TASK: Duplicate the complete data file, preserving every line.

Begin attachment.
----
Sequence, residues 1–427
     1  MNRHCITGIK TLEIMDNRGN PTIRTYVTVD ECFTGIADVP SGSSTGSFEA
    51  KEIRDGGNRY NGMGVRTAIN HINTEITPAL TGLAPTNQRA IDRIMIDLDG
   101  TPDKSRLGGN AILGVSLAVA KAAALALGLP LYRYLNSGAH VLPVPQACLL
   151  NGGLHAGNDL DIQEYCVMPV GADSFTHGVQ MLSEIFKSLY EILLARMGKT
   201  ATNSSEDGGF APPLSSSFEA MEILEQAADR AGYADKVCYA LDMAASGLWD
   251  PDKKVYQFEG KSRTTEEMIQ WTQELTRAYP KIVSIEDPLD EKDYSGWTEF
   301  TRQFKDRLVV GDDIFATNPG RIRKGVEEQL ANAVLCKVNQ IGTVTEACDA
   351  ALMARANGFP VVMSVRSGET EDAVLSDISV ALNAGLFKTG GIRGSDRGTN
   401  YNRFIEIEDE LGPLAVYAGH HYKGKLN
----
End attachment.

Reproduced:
Sequence, residues 1–427
     1  MNRHCITGIK TLEIMDNRGN PTIRTYVTVD ECFTGIADVP SGSSTGSFEA
    51  KEIRDGGNRY NGMGVRTAIN HINTEITPAL TGLAPTNQRA IDRIMIDLDG
   101  TPDKSRLGGN AILGVSLAVA KAAALALGLP LYRYLNSGAH VLPVPQACLL
   151  NGGLHAGNDL DIQEYCVMPV GADSFTHGVQ MLSEIFKSLY EILLARMGKT
   201  ATNSSEDGGF APPLSSSFEA MEILEQAADR AGYADKVCYA LDMAASGLWD
   251  PDKKVYQFEG KSRTTEEMIQ WTQELTRAYP KIVSIEDPLD EKDYSGWTEF
   301  TRQFKDRLVV GDDIFATNPG RIRKGVEEQL ANAVLCKVNQ IGTVTEACDA
   351  ALMARANGFP VVMSVRSGET EDAVLSDISV ALNAGLFKTG GIRGSDRGTN
   401  YNRFIEIEDE LGPLAVYAGH HYKGKLN